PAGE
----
In How to design atmospheres attuned to the concerns of the user? we talked about emotions and how architecture can influence the emotional state of a person.
In the series What is emotion? we’ve tried to explain in more detail what emotion actually is.

Light (source: kwc on flickr)

1. What is emotion? – 4 Affective states

The word ‘emotion’ is often applied to a wide variety of phenomena, such as passions, sentiments, temperament, and moods. Although these words are regularly used interchangeably, they do in fact refer to specific and different experiential phenomena, called affective states. Below we will describe 4 different affective states: emotions, moods, emotional traits and sentiments.
Read more about the 4 Effective states

2. What is emotion? – 3 Perspectives on Emotion

When surveying emotion research in the field of psychology, one finds various traditions that hold different views on how to go about defining, studying and explaining emotions. Most contemporary emotion research has its roots in one of three major theoretical traditions: the evolutionary, the bodily-feedback or the cognitive tradition. In this section we comprehensively discuss the 3 major traditions and evaluates their possibilities for explaining how architecture elicit emotions.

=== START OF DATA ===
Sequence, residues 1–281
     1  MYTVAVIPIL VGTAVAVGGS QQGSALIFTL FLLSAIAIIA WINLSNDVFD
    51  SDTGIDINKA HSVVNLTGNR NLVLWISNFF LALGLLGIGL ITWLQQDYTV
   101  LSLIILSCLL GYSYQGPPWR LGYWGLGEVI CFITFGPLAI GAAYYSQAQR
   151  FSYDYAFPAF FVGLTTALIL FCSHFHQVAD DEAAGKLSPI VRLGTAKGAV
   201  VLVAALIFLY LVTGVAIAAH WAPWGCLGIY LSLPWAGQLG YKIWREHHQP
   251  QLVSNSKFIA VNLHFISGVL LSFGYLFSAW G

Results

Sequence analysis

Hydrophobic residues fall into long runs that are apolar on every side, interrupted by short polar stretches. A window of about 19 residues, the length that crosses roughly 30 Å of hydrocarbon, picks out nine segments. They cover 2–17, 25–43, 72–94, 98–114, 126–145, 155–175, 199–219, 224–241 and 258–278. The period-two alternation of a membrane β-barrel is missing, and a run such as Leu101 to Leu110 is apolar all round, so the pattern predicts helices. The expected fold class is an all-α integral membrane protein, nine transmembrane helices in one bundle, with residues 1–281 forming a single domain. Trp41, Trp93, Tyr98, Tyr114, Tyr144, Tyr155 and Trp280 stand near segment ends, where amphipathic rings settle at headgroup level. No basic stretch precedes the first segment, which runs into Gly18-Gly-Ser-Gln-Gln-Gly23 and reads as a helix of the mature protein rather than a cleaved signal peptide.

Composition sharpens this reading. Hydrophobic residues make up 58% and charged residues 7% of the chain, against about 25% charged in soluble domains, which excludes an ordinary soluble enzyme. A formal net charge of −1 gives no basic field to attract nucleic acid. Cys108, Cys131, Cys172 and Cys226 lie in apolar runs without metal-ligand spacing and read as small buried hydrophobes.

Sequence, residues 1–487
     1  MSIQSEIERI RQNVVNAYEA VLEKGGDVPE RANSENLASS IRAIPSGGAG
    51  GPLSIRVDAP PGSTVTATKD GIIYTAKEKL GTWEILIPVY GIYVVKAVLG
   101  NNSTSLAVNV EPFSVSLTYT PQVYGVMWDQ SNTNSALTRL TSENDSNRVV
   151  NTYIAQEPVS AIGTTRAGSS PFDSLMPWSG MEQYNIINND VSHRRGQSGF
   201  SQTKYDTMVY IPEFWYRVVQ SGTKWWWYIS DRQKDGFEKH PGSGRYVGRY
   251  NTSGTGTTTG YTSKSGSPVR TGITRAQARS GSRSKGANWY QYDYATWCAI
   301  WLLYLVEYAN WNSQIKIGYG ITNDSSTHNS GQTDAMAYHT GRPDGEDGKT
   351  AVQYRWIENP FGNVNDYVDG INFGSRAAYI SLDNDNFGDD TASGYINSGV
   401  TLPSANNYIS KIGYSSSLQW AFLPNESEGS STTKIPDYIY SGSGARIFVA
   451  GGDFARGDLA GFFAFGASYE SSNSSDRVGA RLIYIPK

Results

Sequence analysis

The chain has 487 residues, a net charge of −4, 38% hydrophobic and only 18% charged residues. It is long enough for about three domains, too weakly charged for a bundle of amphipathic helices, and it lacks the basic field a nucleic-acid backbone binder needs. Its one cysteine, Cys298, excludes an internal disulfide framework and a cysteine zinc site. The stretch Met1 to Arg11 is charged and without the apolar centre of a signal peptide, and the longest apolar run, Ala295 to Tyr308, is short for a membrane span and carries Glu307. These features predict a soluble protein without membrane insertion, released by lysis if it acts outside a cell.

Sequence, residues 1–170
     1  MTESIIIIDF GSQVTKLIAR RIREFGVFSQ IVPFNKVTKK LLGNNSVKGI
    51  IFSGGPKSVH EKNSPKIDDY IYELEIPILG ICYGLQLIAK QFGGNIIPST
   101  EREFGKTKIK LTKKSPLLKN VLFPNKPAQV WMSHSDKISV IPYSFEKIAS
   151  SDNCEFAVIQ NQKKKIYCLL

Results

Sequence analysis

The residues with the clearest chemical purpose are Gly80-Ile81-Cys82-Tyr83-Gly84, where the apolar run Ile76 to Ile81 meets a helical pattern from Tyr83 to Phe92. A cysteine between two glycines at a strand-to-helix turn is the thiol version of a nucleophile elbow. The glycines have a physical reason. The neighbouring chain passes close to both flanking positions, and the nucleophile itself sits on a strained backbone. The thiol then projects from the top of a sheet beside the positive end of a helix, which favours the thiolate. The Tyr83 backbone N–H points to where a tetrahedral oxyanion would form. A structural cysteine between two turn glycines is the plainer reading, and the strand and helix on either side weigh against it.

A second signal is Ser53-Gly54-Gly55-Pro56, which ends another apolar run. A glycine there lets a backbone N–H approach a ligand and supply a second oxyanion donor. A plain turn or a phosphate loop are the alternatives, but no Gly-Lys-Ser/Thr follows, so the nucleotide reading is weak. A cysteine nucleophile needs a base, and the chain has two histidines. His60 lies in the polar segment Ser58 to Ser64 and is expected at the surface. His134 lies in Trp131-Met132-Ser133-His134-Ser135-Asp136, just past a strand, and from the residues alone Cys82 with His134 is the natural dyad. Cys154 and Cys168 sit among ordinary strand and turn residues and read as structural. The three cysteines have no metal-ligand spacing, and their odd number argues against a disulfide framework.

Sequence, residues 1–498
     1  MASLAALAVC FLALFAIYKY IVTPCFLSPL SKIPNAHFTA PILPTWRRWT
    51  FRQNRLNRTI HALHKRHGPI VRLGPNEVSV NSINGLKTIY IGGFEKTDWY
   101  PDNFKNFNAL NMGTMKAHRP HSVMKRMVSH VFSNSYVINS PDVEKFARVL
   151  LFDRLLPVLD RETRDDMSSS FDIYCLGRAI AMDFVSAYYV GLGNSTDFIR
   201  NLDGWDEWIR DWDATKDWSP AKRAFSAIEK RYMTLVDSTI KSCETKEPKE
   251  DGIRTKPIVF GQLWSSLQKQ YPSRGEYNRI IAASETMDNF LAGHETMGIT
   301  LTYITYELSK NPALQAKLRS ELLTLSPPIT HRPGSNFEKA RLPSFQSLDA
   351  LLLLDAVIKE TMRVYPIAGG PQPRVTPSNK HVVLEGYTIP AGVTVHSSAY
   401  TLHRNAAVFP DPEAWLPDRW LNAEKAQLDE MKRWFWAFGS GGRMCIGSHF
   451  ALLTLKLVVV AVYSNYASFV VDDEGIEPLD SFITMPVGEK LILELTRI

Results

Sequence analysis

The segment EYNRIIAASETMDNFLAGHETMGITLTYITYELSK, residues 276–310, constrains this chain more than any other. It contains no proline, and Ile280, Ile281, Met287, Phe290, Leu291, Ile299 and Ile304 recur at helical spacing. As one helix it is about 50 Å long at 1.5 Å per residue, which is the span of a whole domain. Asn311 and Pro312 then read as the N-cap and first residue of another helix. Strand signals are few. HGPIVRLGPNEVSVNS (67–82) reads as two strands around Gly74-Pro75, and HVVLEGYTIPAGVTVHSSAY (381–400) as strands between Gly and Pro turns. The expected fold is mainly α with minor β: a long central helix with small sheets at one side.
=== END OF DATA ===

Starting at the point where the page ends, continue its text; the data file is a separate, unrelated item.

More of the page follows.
Read more about the 3 Perspectives on Emotion

3. What is emotion? – 4 Ways of Manifestation

There seems to be no empirical solution to the debate on which manifestation is sufficient or necessary to define emotions. At present, the psychologists most favoured solution is to say that emotions are best treated as a multifaceted phenomenon consisting of several components. These components, i.e. behavioural reactions, expressive reactions, physiological reactions and subjective feelings, are discussed below.
Read more about the 4 Ways of Manifestation

If you have any comments, questions or ideas about the What is emotion? series – please let us know.

Disclaimer: These articles are based on chapters 1 and 6 from the book Designing Emotions by Pieter Desmet. These chapters were originally written for industrial designers and are rewritten here for our architectural approach.